The Ohio Public Employees’ Retirement System agreed to ditch its $530 million emerging manager program at last week’s board meeting, the fund confirmed.
In a board memo obtained by CIO, Chief Investment Officer Paul Greff’s investment team at the $99.6 billion pension plan advocated the fund rid itself of the program, which is aimed to benefit new money managers. The chief reason for axing the model is that the newbie managers underperformed its benchmark.
The program invests only in US stocks, covering large, small, and midcap issues. In 2006 the plan set a policy of investing up to 1% of its assets to state- and minority-owned external managers. The fund is still trying to achieve this, as this area encompasses 2.8% of assets, almost triple the goal, without the use of the program.
The program was created in 2012 to favor fledgling managers based in Ohio and also minority-owned firms. The objective was to reduce fees, and also boost performance. Although it did save costs (reductions were 42%), it has underperformed its 13.49% benchmark by 1.58 percentage points yearly since inception.
Only managers with $1.25 billion in assets under management or less can play, a cap that was increased from $750 million in 2016. Unfortunately, only 41 managers met those conditions. The plan’s staff later tried to add more “higher conviction” managers, but that tactic also failed.
In the memo to the plan’s board, Greff and his staff listed reasons for the lackluster results, such the aftermath of the 2008 financial crisis and structural problems, like the restrictions on which managers could be hired.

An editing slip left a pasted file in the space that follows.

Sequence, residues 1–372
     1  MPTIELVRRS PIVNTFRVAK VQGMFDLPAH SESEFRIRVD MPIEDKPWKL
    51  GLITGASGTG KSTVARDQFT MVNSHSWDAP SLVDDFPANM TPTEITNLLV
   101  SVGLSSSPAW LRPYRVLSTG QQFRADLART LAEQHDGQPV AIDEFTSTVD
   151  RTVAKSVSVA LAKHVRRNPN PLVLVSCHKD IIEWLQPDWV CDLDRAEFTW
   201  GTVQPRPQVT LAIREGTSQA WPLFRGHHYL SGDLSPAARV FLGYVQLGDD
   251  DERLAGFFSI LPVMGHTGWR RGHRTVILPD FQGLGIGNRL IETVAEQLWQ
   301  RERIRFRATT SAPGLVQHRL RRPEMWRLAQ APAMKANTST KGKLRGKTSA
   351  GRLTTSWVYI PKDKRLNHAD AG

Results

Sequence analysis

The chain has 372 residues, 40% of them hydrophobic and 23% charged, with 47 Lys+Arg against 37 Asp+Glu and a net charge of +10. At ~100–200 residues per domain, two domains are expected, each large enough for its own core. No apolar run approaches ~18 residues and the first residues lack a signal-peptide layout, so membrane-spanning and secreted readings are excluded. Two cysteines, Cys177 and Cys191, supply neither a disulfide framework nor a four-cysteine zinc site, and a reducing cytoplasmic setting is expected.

Once the Ohio emerging-manager platform is gone, staff will find new outside managers to handle the pension portfolio. The seven emerging managers currently in the program—Affinity Investment Advisors, Bowling Portfolio Management, Dean Investment Associates, Decatur Capital Management, Matarin Capital Management, Redwood Investments, and Winslow Asset Management—will remain in place for now while the plan’s staff assesses its next steps, according to an email from spokesperson Michael Pramik.
Pramik also told CIO the fund will “consider” modifying the program to include asset classes other than equities, but will require “substantial time” to conduct a thorough review.
Big funds such as the $233.9 billion California State Teacher Retirement System (CalSTRS)and Texas’ employees and teacher retirement systems, have enjoyed rewards from their emerging manager programs. Both Texas plans have expanded these undertakings over the past year.
These programs are also not as restrictive with their asset classes or their manager sizes. CalSTRS, for example, allows real estate, global equity, and private equity managers up to $6 billion into its program.